True sisterhood means more than a straightforward familial connection — it’s in the empathy and mutual support between women. In the case of Russian photographers Kati (who goes by the alias Turkina Faso) and Alice Turkina, the sisterly bond has also proven to be a powerful catalyst for creativity. Kati has been photographing her younger sister for the last decade, producing an expansive body of work touching on youth, memory, and belonging.
Based in London, Kati is a graduate of the Fashion Photography MA at the London College of Fashion, whose work with her sister has run alongside her fashion industry experience.Alice remains central to her more personal projects. In Used Good, she explored her sister’sand her friends’ obsession with vintage clothes, while Not Existing Diary, is dedicated to their grandmother.
Turkina’s book Me and Them: Back Home with Alice, is shot in Yessentuki in the Russian Caucasus, where both sisters grew up. Playfulness, sincerity, and affection are palpable in Turkina’s photos — strikingly so, given that these images are not based on shared memories. With a 14-year age gap between them, their lives have been spent at a remove from one another; their most prolonged contact has been during Kati’s visits to Yessentuki to arrange photo shoots with her sister.
For this project, the photographer wanted to recreate her own childhood memories through Alice, shooting her sister in wild fields and provincial streets. Even though these photos capture the essence of the place so well, like all memories they are misleading and magical. Here the sisters talk about their relationship in their own words.
All my childhood I dreamed of having a sister (or a lamb), but I only got one once I had left the city to study abroad. Our age difference is 14 years. At first, I couldn’t figure out how to connect with a 10-year-old. I thought it might be easier with a camera rather than with words.
I think our friendship is so strong because we’ve always lived in different cities and so really make the most of the time we spend together. Then later Kati started photographing me, and her visits were an exciting adventure every time.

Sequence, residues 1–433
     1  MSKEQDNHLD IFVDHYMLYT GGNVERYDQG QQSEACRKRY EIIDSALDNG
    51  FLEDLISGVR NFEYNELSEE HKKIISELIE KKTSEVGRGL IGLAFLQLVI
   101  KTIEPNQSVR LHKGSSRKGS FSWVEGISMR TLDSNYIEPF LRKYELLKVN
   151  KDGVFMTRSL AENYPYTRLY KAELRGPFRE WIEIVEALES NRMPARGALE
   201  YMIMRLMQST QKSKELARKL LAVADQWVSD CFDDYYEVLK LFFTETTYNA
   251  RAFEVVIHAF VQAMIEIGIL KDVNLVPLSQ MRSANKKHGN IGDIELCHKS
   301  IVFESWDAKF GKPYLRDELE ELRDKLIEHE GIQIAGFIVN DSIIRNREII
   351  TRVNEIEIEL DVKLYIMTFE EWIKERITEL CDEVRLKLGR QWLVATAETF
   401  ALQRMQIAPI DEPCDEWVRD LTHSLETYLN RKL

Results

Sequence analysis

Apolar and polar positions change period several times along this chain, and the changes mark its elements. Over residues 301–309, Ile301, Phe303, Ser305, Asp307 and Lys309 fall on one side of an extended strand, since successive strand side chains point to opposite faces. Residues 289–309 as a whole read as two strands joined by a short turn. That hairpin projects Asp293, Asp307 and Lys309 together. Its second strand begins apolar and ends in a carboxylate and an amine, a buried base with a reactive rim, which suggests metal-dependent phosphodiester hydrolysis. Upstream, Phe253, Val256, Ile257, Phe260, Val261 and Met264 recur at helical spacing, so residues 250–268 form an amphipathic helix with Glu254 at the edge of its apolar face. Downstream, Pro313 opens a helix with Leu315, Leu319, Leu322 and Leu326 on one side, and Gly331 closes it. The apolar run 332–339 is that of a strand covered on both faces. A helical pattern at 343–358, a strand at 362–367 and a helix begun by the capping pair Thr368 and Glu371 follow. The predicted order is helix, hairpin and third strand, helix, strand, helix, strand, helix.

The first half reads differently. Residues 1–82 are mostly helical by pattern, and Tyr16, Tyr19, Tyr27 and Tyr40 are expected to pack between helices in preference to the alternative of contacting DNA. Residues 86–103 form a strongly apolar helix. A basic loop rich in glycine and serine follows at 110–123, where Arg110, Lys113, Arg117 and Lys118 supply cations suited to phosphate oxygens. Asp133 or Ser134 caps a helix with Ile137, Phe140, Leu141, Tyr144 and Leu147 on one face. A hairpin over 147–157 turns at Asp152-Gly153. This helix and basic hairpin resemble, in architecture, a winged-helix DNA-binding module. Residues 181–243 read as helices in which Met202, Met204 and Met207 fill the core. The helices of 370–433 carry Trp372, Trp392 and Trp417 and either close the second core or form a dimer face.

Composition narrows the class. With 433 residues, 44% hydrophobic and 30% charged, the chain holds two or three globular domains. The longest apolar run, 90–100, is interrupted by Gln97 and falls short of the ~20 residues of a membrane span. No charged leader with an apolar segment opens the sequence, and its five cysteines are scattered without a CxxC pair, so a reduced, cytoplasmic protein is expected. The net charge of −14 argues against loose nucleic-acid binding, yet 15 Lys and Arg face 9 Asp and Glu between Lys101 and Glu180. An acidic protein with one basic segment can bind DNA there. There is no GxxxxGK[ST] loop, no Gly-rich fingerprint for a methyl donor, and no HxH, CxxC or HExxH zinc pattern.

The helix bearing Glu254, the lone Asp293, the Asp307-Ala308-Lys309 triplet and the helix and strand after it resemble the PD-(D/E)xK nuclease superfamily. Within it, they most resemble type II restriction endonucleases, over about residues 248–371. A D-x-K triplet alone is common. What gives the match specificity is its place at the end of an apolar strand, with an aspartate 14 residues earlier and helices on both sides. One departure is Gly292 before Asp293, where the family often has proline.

Our collaboration usually starts from my sketches and abstract ideas, and then we develop them together. The exception is the book about our grandmother, Not Existed Diary, which we worked on together. It’s a story about Soviet restaurants, table layouts, and strong matriarchs.
Sometimes we just get up early and go to the mountains, chasing the beautiful light. Before the shoot we look around for weird garments, but often it all happens spontaneously.
For me, Back Home with Alice is a story about youth and how we sometimes rush through our lives without noticing the magic around. I wanted to return to my 14-year-old self and did so with the help of my sister. I look at the photos and see myself and hear the sounds of my street, when I was young and careless.
I guess you don’t really feel that you’re “growing up” until it’s already happened. I’mstill growing up, and only now starting to understand the advice I was given by adults when I was very small. Now I catch myself trying to prevent other people from making mistakes, even though I realise everyone has to learn from their own experience. And you get fewer advantages when you grow up, like free cookies and the kids’ play rooms in IKEA.